By David Brooks
For BBC Sport in Pittsburgh
"One for the Ages" screamed the banner headline in the Pittsburgh Post Gazette newspaper on Monday.
But it wasn't clear whether that referred to the Steelers' victory in Super Bowl XL, or the party that ensued as soon as the game clock ticked down to zero.
Pittsburgh's fans had waited over a quarter of a century since their team last took the "biggest prize in sports" (that's what they call it here), and the celebrations were suitably rowdy.
Snow? What snow, man?
Fans spilled out of the bars and house parties - the most popular way to watch the big game - and onto the streets.
Dancing, screaming and waving their "terrible towels" - the trademark item of a Steelers fan - supporters displayed unadulterated joy and relief after a tense and nail-biting victory.
Throughout the city cars honked their horns, many to the tune of "Here we go Steelers, here we go", while other blared "We are the champions" from their car stereos.
Joyous fans flooded the streets in the South Side, which is full of bars, and in Oakland, where most of the University students live.
Close to the student union a car was turned over and fans began to dance on top of it.
The police were soon out in force in full riot gear and mounted on horses as they sought to bring some order to a chaotic, but largely peaceful scene.
As one supporter, braving freezing temperatures and snow, charged down Fifth Avenue in the heart of the city with his shirt off and waving his towel , he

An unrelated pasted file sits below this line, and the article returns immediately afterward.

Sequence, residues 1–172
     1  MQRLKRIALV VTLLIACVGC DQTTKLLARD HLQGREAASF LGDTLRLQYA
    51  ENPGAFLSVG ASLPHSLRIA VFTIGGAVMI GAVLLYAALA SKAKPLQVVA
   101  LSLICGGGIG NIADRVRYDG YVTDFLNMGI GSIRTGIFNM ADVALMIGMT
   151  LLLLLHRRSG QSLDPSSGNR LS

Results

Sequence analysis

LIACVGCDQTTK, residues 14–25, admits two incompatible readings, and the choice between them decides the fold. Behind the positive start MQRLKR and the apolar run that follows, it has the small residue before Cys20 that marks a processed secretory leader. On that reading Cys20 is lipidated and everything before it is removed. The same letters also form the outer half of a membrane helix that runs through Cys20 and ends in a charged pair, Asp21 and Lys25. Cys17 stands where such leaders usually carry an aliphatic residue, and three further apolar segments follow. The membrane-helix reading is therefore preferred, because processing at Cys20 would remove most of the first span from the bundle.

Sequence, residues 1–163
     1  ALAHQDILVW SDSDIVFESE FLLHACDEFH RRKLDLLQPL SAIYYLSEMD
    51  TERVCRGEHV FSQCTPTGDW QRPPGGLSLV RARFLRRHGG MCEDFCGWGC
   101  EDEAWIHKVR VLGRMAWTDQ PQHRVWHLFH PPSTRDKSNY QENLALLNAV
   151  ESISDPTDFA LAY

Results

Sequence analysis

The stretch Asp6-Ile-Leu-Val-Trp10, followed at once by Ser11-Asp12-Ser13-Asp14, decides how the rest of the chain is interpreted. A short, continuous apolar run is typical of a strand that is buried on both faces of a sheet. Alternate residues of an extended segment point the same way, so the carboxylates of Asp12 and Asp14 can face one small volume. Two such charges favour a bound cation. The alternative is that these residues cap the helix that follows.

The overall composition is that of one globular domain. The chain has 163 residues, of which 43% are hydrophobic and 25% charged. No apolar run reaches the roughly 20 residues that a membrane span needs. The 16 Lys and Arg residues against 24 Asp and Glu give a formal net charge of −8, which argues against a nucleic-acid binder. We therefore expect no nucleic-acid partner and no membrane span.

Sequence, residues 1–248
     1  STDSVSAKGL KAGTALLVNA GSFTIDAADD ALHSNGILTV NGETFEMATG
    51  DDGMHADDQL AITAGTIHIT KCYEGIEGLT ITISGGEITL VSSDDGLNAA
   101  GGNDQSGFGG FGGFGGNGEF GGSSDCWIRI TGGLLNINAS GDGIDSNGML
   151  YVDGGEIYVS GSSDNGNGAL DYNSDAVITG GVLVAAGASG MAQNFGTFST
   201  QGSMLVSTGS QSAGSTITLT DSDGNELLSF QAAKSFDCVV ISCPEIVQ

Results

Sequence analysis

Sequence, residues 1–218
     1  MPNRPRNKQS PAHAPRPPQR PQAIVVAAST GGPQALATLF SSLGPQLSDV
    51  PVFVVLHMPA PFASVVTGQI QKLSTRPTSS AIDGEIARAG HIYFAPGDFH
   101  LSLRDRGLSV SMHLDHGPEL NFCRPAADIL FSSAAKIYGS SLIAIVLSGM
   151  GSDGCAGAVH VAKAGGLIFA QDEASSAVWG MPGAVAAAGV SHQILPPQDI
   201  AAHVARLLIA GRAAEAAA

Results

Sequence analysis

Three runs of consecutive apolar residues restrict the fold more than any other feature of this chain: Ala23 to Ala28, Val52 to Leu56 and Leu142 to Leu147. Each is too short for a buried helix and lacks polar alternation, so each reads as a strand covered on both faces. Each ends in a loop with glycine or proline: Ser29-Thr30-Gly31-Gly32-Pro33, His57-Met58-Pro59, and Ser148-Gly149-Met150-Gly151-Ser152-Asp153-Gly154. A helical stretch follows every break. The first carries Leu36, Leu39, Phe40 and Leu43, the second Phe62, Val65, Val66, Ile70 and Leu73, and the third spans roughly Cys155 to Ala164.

screamed: "And I'm not even drunk!"
Not on alcohol may be, but drunk with the joy of victory for sure.
Others were more inward with their emotion. Matt, 30, sank to his knees in tears. "I've waited for this since I was five," he sobbed.
It was certainly a long wait for that elusive fifth Super Bowl title, but for the thousands of fans who partied on Sunday, it was well worth the wait.
During the game, the streets had been abandoned as nerves were jangled by an uneven display from the team in white and gold.
Steelers fans party hearty on Pittsburgh's Carson Street
But when the retiring Jerome Bettis put together his final pounding drive to eat up the clock and the Seahawks' final efforts came to nothing, the fans were more than willing to overlook the bumpy moments of the previous four hours.
"As we used to say in the Navy, it doesn't matter how choppy the water is, as long as you make it to port," said Scott, 44, a Pittsburgher born and bred.
Mike, 39, who's from Kentucky but was sucked into the experience nonetheless, reflected that he'd be retired by the time the Steelers win their next Super Bowl if they have to wait another 26 years.
Most fans here don't believe it will take that long, but if it does, at least they can hold on to the memories of a quite extraordinary night.